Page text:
Broadband News

Cabinet Office warns that internet may have dropouts during Olympics

With the vast changes in how social media allows people to stay in touch all the time, the 2012 Olympics do look set to demonstrate large levels of internet traffic, but the diversity of connection methods, communications providers and large number of fibre backbones connecting major cities across the UK and to the rest of the world mean that the talk internet meltdown by the Cabinet Office look very like scaremongering.

An article in the last weekends Observer runs with the headline that the internet could crash due to the London Olympics, and web access be rationed. A lot of the Cabinet Office concern may stem from a Department for Transport (DfT) pilot, Operation Footfall run in August 2011, that saw staff experience internet connection problems as part of a homeworking experiment. The pilot forms part of Operation StepChange that is meant to show how staff can work from home, embracing video conferencing.

While there is no doubt that event locations will see heavy access to resources like mobile networks for both text, voice and data, the networks should be well versed in handling large events through lessons learnt at places like Glastonbury, Wimbledon and other major events in the last few years across the UK. The deployment of more Wi-Fi hotspots by providers particularly in London may off-load some traffic, and will also allow overseas visitors to access the internet without recourse to expensive roaming agreements.

The limited capacity of most Wi-Fi hotspots and mobile masts means that even if everyone in a stadium tweets at the same time, the effect may simply be that some tweets are a little slow getting through. The ability for a large crowd in one part of the UK to crash the UK internet as an entity is ludicrous.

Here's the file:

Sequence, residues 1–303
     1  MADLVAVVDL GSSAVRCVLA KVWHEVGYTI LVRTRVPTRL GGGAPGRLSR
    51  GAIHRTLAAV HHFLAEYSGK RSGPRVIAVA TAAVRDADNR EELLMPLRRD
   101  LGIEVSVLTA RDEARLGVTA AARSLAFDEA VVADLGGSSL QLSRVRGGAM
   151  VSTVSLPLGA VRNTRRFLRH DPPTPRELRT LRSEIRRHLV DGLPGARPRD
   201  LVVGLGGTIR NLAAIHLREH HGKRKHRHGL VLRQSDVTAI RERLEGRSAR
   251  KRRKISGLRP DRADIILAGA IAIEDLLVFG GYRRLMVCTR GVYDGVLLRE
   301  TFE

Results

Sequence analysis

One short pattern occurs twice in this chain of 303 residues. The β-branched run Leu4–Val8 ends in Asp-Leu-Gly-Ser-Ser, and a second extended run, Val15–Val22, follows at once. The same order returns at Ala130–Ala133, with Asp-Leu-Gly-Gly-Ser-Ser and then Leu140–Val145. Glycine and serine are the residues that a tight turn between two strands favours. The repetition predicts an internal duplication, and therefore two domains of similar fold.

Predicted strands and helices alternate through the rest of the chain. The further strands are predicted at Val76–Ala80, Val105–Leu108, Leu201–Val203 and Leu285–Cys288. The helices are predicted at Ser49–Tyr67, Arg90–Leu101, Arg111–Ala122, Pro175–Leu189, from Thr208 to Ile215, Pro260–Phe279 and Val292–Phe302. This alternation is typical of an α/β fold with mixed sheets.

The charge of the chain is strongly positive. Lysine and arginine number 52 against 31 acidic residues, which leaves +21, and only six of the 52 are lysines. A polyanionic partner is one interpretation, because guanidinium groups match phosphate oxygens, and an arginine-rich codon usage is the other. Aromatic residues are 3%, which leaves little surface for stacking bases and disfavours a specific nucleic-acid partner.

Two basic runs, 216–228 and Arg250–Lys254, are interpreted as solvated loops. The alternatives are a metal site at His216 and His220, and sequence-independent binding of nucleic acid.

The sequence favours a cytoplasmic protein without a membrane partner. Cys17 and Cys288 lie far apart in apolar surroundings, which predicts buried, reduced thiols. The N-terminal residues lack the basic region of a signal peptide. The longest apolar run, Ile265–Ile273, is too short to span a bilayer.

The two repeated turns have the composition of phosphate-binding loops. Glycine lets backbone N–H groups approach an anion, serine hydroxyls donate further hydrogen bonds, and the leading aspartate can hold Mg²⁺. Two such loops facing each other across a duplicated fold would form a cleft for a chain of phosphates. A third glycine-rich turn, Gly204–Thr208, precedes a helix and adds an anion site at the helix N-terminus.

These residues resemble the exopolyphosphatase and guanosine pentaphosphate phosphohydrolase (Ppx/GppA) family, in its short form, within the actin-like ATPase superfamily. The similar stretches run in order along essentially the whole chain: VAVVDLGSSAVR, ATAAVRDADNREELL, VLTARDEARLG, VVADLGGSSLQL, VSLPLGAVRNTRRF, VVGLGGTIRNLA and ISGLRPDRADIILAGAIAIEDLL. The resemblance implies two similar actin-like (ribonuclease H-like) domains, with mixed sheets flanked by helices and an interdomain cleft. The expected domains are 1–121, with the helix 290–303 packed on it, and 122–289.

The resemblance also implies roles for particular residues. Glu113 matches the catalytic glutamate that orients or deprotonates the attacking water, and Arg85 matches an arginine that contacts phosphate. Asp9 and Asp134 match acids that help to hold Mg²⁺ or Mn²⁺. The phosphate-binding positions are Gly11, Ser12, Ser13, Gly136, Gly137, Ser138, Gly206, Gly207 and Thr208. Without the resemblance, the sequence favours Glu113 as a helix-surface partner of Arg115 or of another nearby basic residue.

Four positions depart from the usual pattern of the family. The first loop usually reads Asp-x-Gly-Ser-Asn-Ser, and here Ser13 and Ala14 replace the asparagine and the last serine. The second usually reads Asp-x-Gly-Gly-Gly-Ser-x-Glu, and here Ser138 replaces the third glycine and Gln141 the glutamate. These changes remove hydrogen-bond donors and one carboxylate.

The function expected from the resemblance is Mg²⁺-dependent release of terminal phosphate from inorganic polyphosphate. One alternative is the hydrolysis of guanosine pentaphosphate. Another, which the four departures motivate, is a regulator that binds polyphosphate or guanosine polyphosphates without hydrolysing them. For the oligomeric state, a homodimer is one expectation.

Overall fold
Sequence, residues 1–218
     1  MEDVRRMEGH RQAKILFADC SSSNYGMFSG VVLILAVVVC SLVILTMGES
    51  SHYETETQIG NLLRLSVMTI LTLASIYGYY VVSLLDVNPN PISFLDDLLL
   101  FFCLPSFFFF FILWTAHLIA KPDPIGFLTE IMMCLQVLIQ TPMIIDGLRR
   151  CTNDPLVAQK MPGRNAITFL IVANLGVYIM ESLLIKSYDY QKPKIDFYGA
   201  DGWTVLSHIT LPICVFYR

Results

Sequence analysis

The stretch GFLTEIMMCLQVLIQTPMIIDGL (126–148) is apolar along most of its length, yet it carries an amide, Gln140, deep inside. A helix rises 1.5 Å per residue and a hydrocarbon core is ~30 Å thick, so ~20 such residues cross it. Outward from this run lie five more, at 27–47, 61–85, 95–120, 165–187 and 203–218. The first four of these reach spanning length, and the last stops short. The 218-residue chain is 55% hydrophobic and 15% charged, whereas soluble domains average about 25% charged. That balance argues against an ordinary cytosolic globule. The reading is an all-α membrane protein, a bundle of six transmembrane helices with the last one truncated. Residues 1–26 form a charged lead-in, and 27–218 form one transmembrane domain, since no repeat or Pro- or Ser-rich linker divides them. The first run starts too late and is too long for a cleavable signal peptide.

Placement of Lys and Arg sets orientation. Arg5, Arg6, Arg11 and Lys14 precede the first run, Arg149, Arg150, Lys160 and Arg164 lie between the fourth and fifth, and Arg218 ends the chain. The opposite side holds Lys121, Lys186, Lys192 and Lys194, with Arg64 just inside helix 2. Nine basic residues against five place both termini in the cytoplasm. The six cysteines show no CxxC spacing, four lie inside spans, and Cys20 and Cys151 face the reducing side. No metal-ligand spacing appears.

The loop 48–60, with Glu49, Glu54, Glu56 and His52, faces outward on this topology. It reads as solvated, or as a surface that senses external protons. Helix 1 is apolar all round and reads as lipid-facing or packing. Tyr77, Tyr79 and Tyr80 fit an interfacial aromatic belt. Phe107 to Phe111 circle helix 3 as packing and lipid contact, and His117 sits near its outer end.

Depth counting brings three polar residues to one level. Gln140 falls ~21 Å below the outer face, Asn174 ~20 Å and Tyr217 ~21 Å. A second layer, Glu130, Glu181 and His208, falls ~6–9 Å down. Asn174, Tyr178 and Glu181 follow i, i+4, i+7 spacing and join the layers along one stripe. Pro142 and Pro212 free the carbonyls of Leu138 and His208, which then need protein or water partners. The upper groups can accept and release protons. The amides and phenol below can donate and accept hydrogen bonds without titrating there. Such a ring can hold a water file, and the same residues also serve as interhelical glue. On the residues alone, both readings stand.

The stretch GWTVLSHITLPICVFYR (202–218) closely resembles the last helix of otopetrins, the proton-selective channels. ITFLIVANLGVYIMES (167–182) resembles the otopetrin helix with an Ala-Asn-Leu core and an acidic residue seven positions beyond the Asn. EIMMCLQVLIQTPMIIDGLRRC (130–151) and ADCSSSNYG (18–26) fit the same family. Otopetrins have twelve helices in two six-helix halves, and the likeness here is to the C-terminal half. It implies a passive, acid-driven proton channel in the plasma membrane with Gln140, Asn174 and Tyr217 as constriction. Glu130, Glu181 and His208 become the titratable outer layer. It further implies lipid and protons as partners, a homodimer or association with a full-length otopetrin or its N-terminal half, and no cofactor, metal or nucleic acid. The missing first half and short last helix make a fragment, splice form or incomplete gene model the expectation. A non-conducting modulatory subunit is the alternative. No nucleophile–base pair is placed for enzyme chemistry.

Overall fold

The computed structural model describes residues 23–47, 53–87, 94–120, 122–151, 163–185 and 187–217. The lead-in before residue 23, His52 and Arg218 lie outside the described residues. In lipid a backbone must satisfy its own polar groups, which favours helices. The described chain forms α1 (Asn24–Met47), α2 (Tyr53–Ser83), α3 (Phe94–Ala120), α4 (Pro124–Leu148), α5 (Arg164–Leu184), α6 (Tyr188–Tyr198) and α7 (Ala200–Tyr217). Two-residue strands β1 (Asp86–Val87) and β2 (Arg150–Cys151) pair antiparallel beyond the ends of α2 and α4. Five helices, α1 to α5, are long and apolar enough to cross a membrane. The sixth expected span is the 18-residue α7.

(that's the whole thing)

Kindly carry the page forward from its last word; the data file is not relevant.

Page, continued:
It is entirely feasible that some home broadband providers may suffer more peak time congestion than is usual, but talk of rationing web access makes it sound like providers may disconnect parts of the UK for hours at a time. Congestion due to spikes are not uncommon and the good providers will be well used to handling them, if anything the calendar for the Olympics allows for better planning. Video streams and for example people wanting to watch the 100m final after missing it are likely to be the biggest source of traffic, but many services have distributed Content Delivery Platforms that ensure that expensive backbone capacity is not wasted, i.e. a stream can be delivered once to a cache, and played back to multiple people from a location in a providers network.

There is some merit to small business and medium businesses located near an Olympic venue who plan to have staff working from home actually testing that this backup plan does actually work. For example can the systems that currently only have or two home workers using them actually handle twenty people it at the same time. Larger businesses which have dedicated bandwidth leased line connectivity, and extensive diverse location hosting solutions should be able to cope as they have ensured that their business has no single point in its communications network.

The summary is that normal contingency procedures should allow businesses to continue to function, and the Olympics for broadband providers will really just be a series of daily traffic spikes, which may not follow the standard pattern. The wall to wall coverage on digital TV should ensure most people will be able to view most of the major events live or on +1 channels with no difficulty. Alternatively if you want to escape the Olympics we are sure there will be plenty of cheap holiday deals across Europe.


Do they think the entire internets comes with a single on/off switch too? xD

BBC live news online will undoubtedly suffer. As it tends to crawl along with big news items. Catchup services might suffer a bit too but I should imagine people are expecting slowdowns.

  • fibrebunny
  • over 9 years ago

Its the rubbish copper that is to blame!! ;o)

  • GMAN99
  • over 9 years ago

ahh gmann, speaking sense for a change.

  • creakycopperline
  • over 9 years ago

Virgin Media proved their internet has a single on/off switch recently.

Things may be slower yes but are unlikely to stop working unless there is a major outage and anyway that'd never affect all ISP's.